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Cloud Revolution a Windfall for U.S. Cloud Computing Stocks

Cloud Services Industry to Be 3× Bigger than IT Services

Cloud computing stocks continue to provide tech investors with some of the best opportunities for long-term, sustained growth. The industry’s numbers back this up, as do the number of blockbuster acquisitions and partnerships that are related to cloud technology.

When it comes to technology trends, cloud computing will continue to be one of the best spots for investors who are looking to generate big profits.

For starters, more and more businesses are migrating to the cloud. It is estimated that 83% of businesses will be on the cloud by the end of 2020. (Source: “The latest cloud computing trends shaping the job market,” Seen by Indeed, January 21, 2020.)

That kind of adoption rate proves that the cloud is having a massive impact on virtually every sector and industry on the planet. And it’s just getting started.

In 2019, the worldwide public cloud services market was projected to expand by more than 17% year-over-year to $214.3 billion. By 2022, it is expected to soar to $331.2 billion. (Source: “Gartner Forecasts Worldwide Public Cloud Revenue to Grow 17.5 Percent in 2019,” Gartner, Inc., April 2, 2019.)

That’s a big number. In fact, that would make the cloud services industry three times larger than overall IT services.

Fastest-Growing Cloud Computing Stocks

Some cloud computing segments are expected to grow faster than others.

Cloud system infrastructure, also known as infrastructure as a service (IaaS), was projected to advance 27.5% year-over-year in 2019 to $38.9 billion. Between 2018 and 2022, it was forecast to rise 151% to $76.6 billion. That represents a compound annual growth rate (CAGR) of 20.2%.

In second place (in terms of growth) is cloud application infrastructure services, also known as platform as a service (PaaS). It was projected to advance 21.8 % year-over-year in 2019 to $19.0 billion. Between 2018 and 2022, PaaS revenue was forecast to grow approximately 104% to $31.8 billion, for a CAGR of 15.3%.

The third fastest growing cloud tech segment is cloud management and security services. It was projected to advance 16.2% year-over-year in 2019 to $12.2 billion. Between 2018 and 2022, revenue in this segment  was forecast to climb 70.4% to $17.9 billion, for a CAGR of 11.3%.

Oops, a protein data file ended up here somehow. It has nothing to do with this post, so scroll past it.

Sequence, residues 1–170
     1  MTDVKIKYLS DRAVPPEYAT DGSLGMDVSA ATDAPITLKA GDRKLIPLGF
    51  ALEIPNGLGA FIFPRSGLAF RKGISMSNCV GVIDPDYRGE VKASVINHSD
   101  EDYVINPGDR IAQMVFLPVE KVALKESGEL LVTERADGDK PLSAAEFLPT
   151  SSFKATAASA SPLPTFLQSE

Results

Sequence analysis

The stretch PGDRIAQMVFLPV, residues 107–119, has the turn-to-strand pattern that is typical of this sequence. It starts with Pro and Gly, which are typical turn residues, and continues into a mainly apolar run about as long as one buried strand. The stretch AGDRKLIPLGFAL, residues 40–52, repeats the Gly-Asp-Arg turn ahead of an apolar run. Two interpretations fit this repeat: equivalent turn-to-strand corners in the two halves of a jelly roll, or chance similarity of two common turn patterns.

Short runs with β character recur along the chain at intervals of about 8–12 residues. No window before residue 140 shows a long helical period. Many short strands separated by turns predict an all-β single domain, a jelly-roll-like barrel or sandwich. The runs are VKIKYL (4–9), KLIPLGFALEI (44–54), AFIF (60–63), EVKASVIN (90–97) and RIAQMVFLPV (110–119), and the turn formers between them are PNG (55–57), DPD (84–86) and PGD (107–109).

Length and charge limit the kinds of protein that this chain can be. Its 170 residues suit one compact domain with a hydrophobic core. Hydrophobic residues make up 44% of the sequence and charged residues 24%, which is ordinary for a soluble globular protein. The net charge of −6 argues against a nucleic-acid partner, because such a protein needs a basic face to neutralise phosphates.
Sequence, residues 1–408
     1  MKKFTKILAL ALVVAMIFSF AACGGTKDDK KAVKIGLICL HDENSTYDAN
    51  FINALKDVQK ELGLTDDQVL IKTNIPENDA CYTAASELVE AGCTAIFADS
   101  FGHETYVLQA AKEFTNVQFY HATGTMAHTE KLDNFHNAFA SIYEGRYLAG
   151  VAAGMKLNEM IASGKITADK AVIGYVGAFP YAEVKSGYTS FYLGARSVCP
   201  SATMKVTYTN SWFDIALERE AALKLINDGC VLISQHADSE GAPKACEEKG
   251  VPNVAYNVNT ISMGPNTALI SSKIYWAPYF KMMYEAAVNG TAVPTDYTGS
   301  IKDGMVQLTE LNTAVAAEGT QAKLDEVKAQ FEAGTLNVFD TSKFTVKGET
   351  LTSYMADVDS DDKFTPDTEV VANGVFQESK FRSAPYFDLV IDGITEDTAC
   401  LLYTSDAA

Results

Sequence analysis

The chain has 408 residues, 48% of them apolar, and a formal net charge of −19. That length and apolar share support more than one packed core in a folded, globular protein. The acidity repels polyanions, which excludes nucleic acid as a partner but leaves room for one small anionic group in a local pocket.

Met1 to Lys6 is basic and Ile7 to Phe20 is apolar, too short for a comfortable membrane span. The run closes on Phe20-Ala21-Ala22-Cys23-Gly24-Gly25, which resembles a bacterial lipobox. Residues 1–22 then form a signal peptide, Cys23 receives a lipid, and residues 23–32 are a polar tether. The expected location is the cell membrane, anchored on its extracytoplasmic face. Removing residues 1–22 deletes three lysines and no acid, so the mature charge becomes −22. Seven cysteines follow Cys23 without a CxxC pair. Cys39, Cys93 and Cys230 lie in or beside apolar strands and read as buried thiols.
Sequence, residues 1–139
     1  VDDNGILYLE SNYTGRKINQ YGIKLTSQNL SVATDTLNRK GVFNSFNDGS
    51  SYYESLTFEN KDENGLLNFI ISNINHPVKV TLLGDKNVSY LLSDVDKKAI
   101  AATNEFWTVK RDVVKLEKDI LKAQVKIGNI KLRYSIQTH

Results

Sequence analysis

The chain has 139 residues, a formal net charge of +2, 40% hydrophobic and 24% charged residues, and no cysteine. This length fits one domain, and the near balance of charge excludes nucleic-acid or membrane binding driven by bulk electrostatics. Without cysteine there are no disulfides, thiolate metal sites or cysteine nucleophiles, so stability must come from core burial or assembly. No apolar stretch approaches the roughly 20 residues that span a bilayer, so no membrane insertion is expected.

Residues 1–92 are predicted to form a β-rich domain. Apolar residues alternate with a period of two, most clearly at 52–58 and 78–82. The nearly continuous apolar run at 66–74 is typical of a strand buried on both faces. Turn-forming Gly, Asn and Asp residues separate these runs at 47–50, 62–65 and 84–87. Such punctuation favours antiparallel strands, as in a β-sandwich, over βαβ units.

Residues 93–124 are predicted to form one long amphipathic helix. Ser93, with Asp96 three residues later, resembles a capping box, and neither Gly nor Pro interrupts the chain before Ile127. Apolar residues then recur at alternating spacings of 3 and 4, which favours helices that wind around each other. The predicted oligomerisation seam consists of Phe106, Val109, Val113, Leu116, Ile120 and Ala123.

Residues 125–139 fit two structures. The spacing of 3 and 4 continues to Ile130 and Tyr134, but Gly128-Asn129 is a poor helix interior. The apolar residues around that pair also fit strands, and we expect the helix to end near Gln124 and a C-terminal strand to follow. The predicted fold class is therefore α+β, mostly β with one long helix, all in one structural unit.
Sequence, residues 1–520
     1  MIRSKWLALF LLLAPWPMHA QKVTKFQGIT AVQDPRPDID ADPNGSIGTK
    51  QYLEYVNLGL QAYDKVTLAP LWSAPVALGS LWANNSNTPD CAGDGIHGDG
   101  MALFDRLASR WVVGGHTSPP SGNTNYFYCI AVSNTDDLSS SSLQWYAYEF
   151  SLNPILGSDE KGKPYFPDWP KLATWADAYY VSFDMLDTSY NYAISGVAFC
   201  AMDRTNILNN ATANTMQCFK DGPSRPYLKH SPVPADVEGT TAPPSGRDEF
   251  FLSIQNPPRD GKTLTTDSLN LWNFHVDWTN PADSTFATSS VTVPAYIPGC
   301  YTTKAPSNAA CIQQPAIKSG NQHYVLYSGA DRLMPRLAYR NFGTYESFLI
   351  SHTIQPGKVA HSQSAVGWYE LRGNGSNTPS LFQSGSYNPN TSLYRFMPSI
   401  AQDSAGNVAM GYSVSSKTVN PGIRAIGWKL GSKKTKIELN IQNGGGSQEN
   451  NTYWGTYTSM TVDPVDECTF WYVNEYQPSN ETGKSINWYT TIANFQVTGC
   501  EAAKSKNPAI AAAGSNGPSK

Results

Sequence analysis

Cloud Computing Acquisitions Heating Up

Standing still won’t make you No. 1. This is why so many big tech stocks have been upping their cloud computing game through acquisitions and partnerships.

Back in July 2019, IBM (NYSE:IBM) acquired Red Hat, Inc. for a whopping $34.0 billion. With this acquisition, IBM furthered its desire to make its products available to any private and public cloud. (Source: “IBM Closes Landmark Acquisition of Red Hat for $34 Billion; Defines Open, Hybrid Cloud Future,” Red Hat, Inc., July 9, 2019.)

In November 2019, Microsoft Corporation (NASDAQ:MSFT) and AT&T Inc. (NYSE:T) beefed up their partnership, announcing that AT&T’s 5G network will run on “Microsoft Azure” services. (Source: “AT&T Seals Major Cloud Deals With IBM and Microsoft as Edge, AI and 5G Key,” Cloud Tech News, July 17, 2019.)

IBM also announced a similar agreement with AT&T, with the latter using IBM’s cloud and RedHat platform.

In August 2019, Salesforce.com, Inc. (NYSE:CRM), completed its $15.7 billion acquisition of Tableau Software. This deal brought together the world’s No. 1 customer relationship management (CRM) platform (Salesforce) and the No. 1 analytics platform (Tableau).

Those are just three of more than 40 cloud-related acquisitions that took place in 2019, and 2020 is shaping up to be just as busy.

In early February, Hewlett Packard Enterprise Co (NYSE:HPE) acquired edge-to-cloud security startup Scytale Inc. This acquisition comes on the tail of Hewlett Packard’s purchases of Cape Networks, Plexxi Inc., and Cray Inc., all of which help the tech giant stay competitive in the cloud computing industry. (Source: “HPE Acquires Scytale to Advance Open, Secure, Edge to Cloud Strategy,” HPE, February 3, 2020.)

Analyst Take

Cloud computing isn’t just an option anymore; it’s a must. More and more companies have been moving their software applications and data to the cloud.

And spending on cloud technology is only going up.

From 2019 to 2023, expenditures on public cloud computing are expected to double to around $500.0 billion. More than half of that spending is forecast to come from the United States. (Source: “Worldwide Public Cloud Services Spending Will More Than Double by 2023, According to IDC,” IDC, July 3, 2019.)

This trend should continue to be a windfall for a large number of U.S. cloud computing stocks.

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